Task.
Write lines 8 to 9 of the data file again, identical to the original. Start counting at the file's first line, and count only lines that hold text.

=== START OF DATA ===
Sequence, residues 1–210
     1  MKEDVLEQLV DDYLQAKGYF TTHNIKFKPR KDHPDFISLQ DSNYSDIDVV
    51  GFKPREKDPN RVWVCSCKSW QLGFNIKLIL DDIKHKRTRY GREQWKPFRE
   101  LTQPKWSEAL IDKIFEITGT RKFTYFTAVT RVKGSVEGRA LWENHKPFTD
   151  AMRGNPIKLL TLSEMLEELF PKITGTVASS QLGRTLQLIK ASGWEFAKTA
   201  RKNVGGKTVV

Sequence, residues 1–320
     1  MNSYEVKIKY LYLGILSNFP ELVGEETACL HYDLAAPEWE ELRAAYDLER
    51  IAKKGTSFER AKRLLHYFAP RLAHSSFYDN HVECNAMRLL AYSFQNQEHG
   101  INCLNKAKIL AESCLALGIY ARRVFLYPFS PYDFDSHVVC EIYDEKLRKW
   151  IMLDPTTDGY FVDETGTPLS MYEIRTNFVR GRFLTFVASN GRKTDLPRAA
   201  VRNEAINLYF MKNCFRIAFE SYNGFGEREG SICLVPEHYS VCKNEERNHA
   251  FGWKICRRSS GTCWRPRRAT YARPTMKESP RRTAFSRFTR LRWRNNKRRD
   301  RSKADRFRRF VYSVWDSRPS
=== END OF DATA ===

     1  MNSYEVKIKY LYLGILSNFP ELVGEETACL HYDLAAPEWE ELRAAYDLER
    51  IAKKGTSFER AKRLLHYFAP RLAHSSFYDN HVECNAMRLL AYSFQNQEHG